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Stem Cells. 2016 Mar;34(3):768-80. doi: 10.1002/stem.2281. Epub 2016 Jan 29.

MicroRNA-29a in Adult Muscle Stem Cells Controls Skeletal Muscle Regeneration During Injury and Exercise Downstream of Fibroblast Growth Factor-2.

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Division of Endocrinology, Diabetes, and Clinical Nutrition, University Zurich and University Hospital Zurich, Zurich, Switzerland.
Competence Center Personalized Medicine, ETH Zurich and University of Zurich, Zurich, Switzerland.
Department of Health Sciences and Technology, ETH Zurich, Zurich, Switzerland.
Institute of Neuropathology, University Zurich and University Hospital Zurich, Zurich, Switzerland.
Department of Molecular Virology, Immunology and Medical Genetics, Ohio State University, Columbus, Ohio, USA.
Zurich Center for Integrative Human Physiology, University of Zurich, Zurich, Switzerland.


The expansion of myogenic progenitors (MPs) in the adult muscle stem cell niche is critical for the regeneration of skeletal muscle. Activation of quiescent MPs depends on the dismantling of the basement membrane and increased access to growth factors such as fibroblast growth factor-2 (FGF2). Here, we demonstrate using microRNA (miRNA) profiling in mouse and human myoblasts that the capacity of FGF2 to stimulate myoblast proliferation is mediated by miR-29a. FGF2 induces miR-29a expression and inhibition of miR-29a using pharmacological or genetic deletion decreases myoblast proliferation. Next generation RNA sequencing from miR-29a knockout myoblasts (Pax7(CE/+) ; miR-29a(flox/flox) ) identified members of the basement membrane as the most abundant miR-29a targets. Using gain- and loss-of-function experiments, we confirm that miR-29a coordinately regulates Fbn1, Lamc1, Nid2, Col4a1, Hspg2 and Sparc in myoblasts in vitro and in MPs in vivo. Induction of FGF2 and miR-29a and downregulation of its target genes precedes muscle regeneration during cardiotoxin (CTX)-induced muscle injury. Importantly, MP-specific tamoxifen-induced deletion of miR-29a in adult skeletal muscle decreased the proliferation and formation of newly formed myofibers during both CTX-induced muscle injury and after a single bout of eccentric exercise. Our results identify a novel miRNA-based checkpoint of the basement membrane in the adult muscle stem cell niche. Strategies targeting miR-29a might provide useful clinical approaches to maintain muscle mass in disease states such as ageing that involve aberrant FGF2 signaling.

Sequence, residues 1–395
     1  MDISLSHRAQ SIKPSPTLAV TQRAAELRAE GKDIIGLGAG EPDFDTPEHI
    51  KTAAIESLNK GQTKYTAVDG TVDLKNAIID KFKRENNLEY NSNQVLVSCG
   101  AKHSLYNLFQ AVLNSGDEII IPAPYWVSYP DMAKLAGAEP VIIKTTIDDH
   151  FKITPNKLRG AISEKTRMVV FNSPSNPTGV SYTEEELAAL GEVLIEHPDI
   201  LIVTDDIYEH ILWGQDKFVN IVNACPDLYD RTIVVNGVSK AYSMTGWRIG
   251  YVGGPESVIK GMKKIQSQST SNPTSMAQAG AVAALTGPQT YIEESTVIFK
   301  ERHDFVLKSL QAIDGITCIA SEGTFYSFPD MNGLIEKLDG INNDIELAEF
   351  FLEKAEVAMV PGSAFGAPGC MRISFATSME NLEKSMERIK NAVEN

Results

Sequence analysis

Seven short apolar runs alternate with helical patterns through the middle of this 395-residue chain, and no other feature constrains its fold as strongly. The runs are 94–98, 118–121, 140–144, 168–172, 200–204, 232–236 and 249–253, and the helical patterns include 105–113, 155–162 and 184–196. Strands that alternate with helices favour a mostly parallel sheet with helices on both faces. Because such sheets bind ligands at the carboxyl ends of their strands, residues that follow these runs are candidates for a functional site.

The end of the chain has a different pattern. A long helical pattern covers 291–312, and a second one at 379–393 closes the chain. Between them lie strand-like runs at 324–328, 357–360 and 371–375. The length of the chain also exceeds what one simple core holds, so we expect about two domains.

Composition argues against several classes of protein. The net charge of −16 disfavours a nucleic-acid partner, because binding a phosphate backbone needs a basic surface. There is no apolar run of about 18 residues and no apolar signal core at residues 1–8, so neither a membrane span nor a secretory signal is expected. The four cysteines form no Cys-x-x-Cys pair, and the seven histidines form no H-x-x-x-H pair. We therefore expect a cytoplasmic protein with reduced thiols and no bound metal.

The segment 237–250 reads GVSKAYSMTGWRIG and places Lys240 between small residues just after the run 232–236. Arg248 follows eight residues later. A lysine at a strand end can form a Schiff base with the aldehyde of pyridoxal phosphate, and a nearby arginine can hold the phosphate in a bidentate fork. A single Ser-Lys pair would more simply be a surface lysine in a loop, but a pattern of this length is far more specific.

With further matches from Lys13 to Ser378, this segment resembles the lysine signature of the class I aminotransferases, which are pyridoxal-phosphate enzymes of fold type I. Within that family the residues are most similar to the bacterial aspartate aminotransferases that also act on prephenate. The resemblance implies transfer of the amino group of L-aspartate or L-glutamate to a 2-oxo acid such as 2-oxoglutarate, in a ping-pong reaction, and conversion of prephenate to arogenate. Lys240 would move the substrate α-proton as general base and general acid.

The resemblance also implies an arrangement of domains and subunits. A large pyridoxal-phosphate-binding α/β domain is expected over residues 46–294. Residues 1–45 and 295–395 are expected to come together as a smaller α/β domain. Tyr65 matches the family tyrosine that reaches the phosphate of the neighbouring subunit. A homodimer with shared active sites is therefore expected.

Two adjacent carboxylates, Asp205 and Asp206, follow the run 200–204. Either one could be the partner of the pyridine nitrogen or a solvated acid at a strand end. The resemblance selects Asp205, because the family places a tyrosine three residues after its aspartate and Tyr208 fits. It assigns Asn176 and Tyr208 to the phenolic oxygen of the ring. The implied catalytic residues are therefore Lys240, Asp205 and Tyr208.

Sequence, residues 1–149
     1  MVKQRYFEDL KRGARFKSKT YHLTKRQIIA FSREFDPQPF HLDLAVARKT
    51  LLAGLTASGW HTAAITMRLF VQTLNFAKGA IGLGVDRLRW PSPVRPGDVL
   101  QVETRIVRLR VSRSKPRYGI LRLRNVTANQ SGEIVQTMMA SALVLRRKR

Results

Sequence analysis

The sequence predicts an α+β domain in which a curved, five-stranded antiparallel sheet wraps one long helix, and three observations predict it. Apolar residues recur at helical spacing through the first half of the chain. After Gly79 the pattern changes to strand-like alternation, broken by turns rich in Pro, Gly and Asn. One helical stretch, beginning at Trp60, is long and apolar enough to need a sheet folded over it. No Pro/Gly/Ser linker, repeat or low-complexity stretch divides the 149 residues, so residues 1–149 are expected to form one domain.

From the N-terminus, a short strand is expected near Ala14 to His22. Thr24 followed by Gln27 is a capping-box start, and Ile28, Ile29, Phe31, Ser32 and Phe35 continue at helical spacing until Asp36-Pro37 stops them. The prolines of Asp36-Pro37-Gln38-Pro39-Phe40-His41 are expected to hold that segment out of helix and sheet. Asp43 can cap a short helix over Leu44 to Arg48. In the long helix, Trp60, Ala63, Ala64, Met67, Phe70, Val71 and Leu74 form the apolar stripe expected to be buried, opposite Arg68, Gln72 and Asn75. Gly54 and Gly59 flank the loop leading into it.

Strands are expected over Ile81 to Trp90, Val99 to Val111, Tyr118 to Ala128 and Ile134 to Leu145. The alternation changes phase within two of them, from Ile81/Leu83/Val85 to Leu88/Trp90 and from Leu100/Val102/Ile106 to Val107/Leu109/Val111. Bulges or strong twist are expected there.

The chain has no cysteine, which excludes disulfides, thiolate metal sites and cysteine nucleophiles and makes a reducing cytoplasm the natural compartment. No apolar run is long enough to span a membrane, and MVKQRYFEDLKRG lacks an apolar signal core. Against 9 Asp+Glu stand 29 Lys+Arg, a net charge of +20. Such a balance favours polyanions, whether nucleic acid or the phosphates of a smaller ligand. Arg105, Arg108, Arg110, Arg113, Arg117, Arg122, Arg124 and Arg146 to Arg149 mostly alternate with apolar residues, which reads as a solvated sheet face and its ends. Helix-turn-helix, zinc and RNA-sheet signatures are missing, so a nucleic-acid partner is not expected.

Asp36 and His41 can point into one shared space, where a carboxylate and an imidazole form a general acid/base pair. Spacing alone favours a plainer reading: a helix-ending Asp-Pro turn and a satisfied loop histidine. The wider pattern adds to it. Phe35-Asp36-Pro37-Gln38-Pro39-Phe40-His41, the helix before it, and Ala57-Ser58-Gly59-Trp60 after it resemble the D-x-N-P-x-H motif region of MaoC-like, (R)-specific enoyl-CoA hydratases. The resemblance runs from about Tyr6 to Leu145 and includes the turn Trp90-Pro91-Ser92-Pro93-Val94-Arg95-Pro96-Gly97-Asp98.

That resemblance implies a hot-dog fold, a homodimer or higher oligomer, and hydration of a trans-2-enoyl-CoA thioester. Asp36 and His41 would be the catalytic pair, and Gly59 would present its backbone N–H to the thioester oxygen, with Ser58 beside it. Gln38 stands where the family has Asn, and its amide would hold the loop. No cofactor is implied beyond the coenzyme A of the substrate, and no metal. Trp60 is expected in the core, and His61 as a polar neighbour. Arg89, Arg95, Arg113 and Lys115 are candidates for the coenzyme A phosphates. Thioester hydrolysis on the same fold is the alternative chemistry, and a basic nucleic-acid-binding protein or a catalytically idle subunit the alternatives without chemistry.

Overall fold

Basement membrane; Exercise; FGF2; MicroRNA; Regeneration; Skeletal muscle

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